By Rebeccah Minazadeh
Having resiliency skills is correlated with a high self-esteem. Confident children are able to cope with life challenges because they recognize their strengths and weaknesses, take more risks, ask for help and resist negative pressures. They smile more and have a healthy balance between being realistic and optimistic. Children with high self-esteem feel capable loved and enjoy a positive self-image. Self-esteem patterns are built in childhood and solidify as a child grows. While self-esteem is still malleable in childhood this is the optimal time to be aware of how you influence your child’s self-concept, and to help your child grow more confident. Here are ten ways you can build your child’s self-esteem.
- Develop your child’s emotional vocabulary. Boys can grow up believing that expressing their feelings is a weakness. Saying, “Boys don’t cry,” and “Man up,” sends our sons the message that their feelings do not matter- that their needs do not matter. Girls may start to believe that when emotional, they are “over-reacting,” “spoiled,” or “hysterical.” These invalidating messages hinder our children’s capacity to honor and feel their feelings, ultimately leading to a stifled self-esteem. Alternatively, feeling safe to express their feelings allows children to work through their distress. We can help them feel safe with their emotions by asking how they are feeling, by responding attentively to them, communicating with them and validating their feelings. Our children can then develop the courage and esteem to be aware of, to sort, and to address their needs and wants. Resilient Children teaches self-awareness, emotional, and communication skills that will help your child to build resiliency. Some fun and effective exercises that you can do with your child or student include, “Box of Feelings,” “Handling My Anger,” “Using Feeling Words,” and “’I’ Messages.”.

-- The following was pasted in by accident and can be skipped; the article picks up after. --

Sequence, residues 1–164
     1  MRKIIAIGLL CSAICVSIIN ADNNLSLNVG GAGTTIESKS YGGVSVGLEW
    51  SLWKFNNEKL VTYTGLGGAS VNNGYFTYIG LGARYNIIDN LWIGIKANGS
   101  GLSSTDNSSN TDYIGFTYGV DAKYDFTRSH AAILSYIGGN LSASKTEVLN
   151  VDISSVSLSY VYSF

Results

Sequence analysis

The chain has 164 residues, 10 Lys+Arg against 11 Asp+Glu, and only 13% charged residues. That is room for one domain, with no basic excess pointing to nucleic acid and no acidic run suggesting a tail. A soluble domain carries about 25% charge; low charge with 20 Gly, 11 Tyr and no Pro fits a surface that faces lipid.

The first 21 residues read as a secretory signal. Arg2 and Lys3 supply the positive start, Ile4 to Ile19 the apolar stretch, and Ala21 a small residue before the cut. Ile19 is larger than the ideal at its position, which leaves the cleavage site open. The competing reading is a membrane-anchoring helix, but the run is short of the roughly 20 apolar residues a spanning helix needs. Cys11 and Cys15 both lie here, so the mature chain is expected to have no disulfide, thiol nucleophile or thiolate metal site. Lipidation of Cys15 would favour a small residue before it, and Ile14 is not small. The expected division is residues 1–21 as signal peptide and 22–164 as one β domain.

- Celebrate your child’s non-physical strengths. The media tells our children that their best most important feature is their physical strength. While we appreciate that this is a key point of confidence, we also know that this is not the only source of their self-worth. Teach your child about his character traits that matter, his/her intelligence, morality and ability to solve conflict. Encouraging our children for their efforts rather than achievements alone, encourages them to build on their skills, and gives them adequate credit. For a job well done, a suggested alternative to, “Great job!” is “Great effort,” or, “I like how you paused and worked through that difficult task; I am proud of you.” To make sure that your child feels important just for being whom he/she is, not for his/her performances, encourage your child’s efforts rather than the grade. Encourage your child’s capacity to empathize with others and to be courteous, rather than his/her popularity. By giving our children meaningful compliments and by showing them that we cherish them, we show them that their worth rests in who they are, not what they have and do. This creates an unshakable sense of security and a high self-esteem. The exercises, “I Am Great,” “I Am!” “The Appreciation Game,” “Accentuate the Positive,” “Only One of You,” and “I am Special” are few of many exercises to get started. Our chapters on self-awareness, anti-bullying and conflict-resolution offer more opportunities to help your child build his/her self-esteem.
- Do the things that your child likes to do. Play time tells your child that he is valuable and worthy of your time and attention. Allow your child to initiate the play and to choose the activity. This encourages assertiveness and confidence. When we share in playing with our children and participate in their hobbies, we send the message that we care about the things that are important to them. Their passions and interests are not only a gift for them, but vehicles through which they can express themselves, connect with others and share their talents. This reminds them that they are important which will boost their self-esteem. During play send your child the message that he is special by being present in both body and spirit. Get your knees dirty with your child, encourage fantasy, and create a safe space for exploration. “The Personal Objects Bag,” “My Goals for This Year,” “I Can Do This!”, “All About Me,” “What’s in My Bag?” and “Unique and Similar” are exercises that will get your children to talk about the activities that make them happy, and offer the opportunity to invite you and others to participate. For further reference, check out our chapters with exercises dedicated to friendship-building skills.
- Help kids become involved in constructive experiences. Activities that encourage cooperation, rather than competition help to foster self-esteem. For example, mentoring programs in which an older child helps a younger one learn to read, and volunteering and contributing to your local community can have positive effects on self-esteem for everyone. Resilient Children has multiple exercises to help children cooperate, such as, “Friends and Friendship,” “Acts of Friendship,” “Building Friendship,” and “Body Language.”